About Buddha in a new toga

A Catalogue of the Gandhara Sculpture in the British Museum
May 14, 1999

The so-called Graeco-Buddhist (or Romano-Buddhist) art of Gandhara has for almost 150 years been subject to appreciation and rejection by European culture. Some scholars believed it was the only "real" art India was ever able to produce, thanks to the divine spark she had received from Greece. Others considered it to be a poor and clumsy imitation of Graeco-Roman models, "decadent and lifeless, in so far as it is Greek or Roman; the more it becomes Indian, the more it becomes alive" (E. B. Havell).

Nowadays, no serious scholar would pass such a criticism, which is based on Graeco-Roman or Indian aesthetic principles. We are now accustomed to looking at Gandharan art with more candid eyes, ready to recognize what it achieved by itself, often happily mixing both the great traditions and creating a cultural borderland between the Indus river and the Hindu Kush, the Indian and the Hellenistic.

Wonderful collections of Gandhara art are kept at the Musée Guimet, Paris, the Museo Nazionale d'Arte Orientale, Rome, and the Museum fur Indische Kunst, Berlin. The British Museum boasts one of the most important collections of Gandhara sculpture in the world.

Good general introductions to the study of Gandharan art are available in various languages: L'Art Grèco-bouddhique du Gandhara , by Alfred Foucher (1905-51), and the more recent L'Arte del Gandhara , by Mario Bussagli (1984), which has also been translated into French ( L'Art du Gandhara , 1996).

Unfortunately no such book is available in English, since Lolita Nehru's Origins of the Gandharan Style (1989) does not cover the whole time span of Gandharan art, nor can The " Scythian " Period by the late Johanna Engelberta van Lohuizen-de Leeuw (1949) be appreciated by non-specialists.

The English-speaking reader has had to refer to chapters on Gandhara in handbooks of Indian art, some of them admittedly very good, for instance James C. Harle's The Art and Architecture of the Indian Subcontinent (1986) and Susan L. Huntington's The Art of Ancient India (1985), not to mention some older admirable though now obsolete handbooks.

The Gandharan collections of the Musée Guimet and the Rome museum have a precise historical background: they sprang into existence as "great collections" thanks to the excavations of the Délégation Archéologique Française en Afghanistan and those of the Italian Archaeological Mission in Swat, respectively.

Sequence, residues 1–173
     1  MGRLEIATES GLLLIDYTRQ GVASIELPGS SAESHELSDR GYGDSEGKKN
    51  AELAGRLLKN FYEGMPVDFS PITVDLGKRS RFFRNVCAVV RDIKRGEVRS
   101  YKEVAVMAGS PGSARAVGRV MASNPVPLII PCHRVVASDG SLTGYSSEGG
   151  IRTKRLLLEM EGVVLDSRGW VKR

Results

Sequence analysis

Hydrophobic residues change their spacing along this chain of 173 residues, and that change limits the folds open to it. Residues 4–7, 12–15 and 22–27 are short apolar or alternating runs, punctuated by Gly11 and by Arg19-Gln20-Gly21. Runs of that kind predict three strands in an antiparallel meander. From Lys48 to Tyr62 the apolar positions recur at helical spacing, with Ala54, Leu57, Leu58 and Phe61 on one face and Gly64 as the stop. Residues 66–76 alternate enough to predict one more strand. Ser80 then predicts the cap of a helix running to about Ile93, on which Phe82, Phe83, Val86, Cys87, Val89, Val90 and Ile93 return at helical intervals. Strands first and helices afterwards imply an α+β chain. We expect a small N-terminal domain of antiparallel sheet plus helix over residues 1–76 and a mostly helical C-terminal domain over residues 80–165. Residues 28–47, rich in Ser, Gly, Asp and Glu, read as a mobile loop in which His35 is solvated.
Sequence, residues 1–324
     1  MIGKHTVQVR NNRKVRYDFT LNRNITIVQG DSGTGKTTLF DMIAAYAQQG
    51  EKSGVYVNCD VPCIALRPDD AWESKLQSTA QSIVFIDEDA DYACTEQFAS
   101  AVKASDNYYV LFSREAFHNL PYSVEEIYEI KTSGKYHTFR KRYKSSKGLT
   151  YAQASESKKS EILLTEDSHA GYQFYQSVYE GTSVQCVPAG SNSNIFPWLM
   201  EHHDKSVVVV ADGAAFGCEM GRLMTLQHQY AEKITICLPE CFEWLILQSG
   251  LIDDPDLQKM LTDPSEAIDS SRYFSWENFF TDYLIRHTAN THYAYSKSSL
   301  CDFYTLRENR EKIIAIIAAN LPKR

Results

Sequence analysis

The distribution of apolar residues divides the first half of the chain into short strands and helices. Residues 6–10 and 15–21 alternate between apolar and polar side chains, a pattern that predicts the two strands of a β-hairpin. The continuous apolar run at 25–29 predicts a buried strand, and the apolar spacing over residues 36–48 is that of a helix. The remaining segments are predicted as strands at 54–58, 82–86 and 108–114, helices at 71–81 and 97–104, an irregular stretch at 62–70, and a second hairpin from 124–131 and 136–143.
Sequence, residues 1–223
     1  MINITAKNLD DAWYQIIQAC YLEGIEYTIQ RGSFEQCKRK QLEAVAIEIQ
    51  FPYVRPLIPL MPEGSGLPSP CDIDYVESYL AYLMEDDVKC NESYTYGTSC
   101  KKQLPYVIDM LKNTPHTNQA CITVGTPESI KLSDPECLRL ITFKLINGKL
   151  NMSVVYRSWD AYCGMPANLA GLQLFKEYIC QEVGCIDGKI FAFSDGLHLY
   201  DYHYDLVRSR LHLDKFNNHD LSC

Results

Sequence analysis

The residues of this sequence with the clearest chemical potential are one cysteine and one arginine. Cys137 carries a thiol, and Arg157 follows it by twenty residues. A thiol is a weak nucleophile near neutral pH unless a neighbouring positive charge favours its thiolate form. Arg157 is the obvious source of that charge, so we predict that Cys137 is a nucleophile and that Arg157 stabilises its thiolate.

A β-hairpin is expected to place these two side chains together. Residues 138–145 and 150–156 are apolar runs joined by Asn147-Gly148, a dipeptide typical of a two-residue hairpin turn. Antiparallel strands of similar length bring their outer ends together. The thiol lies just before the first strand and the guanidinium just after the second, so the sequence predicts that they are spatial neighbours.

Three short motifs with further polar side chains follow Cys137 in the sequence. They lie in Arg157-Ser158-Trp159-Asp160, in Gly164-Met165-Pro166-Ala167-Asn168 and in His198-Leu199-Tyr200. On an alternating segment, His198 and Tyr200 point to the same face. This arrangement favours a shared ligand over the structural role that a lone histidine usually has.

The British Museum's collection is the result of a slow stratification of gifts, bequests and wise purchases from 1879 - when the former Indian Museum was merged into the British Museum. As a consequence, it is much more varied and representative of the various local trends and chronological phases; an advantage and a drawback at the same time.

Volume One contains the catalogue's text, which consists of 680 entries and is preceded by some 70 introductory pages. These deserve a special mention as the reader will find in them almost all the clues to a correct and critical interpretation of the Gandharan phenomenon, "The name and the land", "The remains of Gandhara", "History of the collection", "Buddhism in Gandhara", "The stupa", "Statues and images", "Reliefs", "Some architectural elements", "Relics and reliquaries", "The art history".

I would draw the reader's attention to the chapter on "The art history". It is a masterpiece: highly informative, lucid, and readable. Until a few years ago, the chronology of Gandharan art was one of the most debatable points in the history of Indian art. As a result of the Italian excavations in Swat and the stylistic analysis of the sculptures carried out by Domenico Faccenna, J.E. van Lohuizen-de Leeuw, and Chantal Fabr gues some basic evidence for a relative, if not an absolute chronology, has emerged. The beginning of production can now be placed in or about the beginning of the 1st century AD.

Wladimir Zwalf's summary of the main achievements in this field is the clearest and most up-to-date assessment of the evidence. His scientific catalogue of this treasure should appeal not only to specialists but to a wider audience.

Each accompanying description contains information about provenance, medium, technical characteristics, state of preservation and measurements. Iconographic and stylistic description follows, rich in comparisons and hypotheses concerning the origin of each piece and other interpretative issues.

The entries in Zwalf's bibliography at the end of Volume One occupy 40 printed pages and represent the most complete bibliography on Gandharan art available. The sources are not merely listed; the opinions of each author are discussed or at least referred to in the appropriate place. This is a precious contribution for the specialist and a great help for the general reader who is able to consult books and papers written in English, French, German, Italian, Japanese and Russian. Volume Two contains most of the plates which are elegantly presented. Together, the set is a must for specialists of Indian art and would make a splendid ornament to the library of any person of taste.

Maurizio Taddei is professor of Indian archaeology and art history, Istituto Universitario Orientale, Naples, Italy.

A Catalogue of the Gandhara Sculpture in the British Museum: two volumes

Author - W. Zwalf
ISBN - 0 7141 1433 2
Publisher - British Museum Press
Price - £120.00
Pages - 778

You've reached your article limit.

Register to continue

Registration is free and only takes a moment. Once registered you can read a total of 3 articles each month, plus:

  • Sign up for the editor's highlights
  • Receive World University Rankings news first
  • Get job alerts, shortlist jobs and save job searches
  • Participate in reader discussions and post comments
Register

Have your say

Log in or register to post comments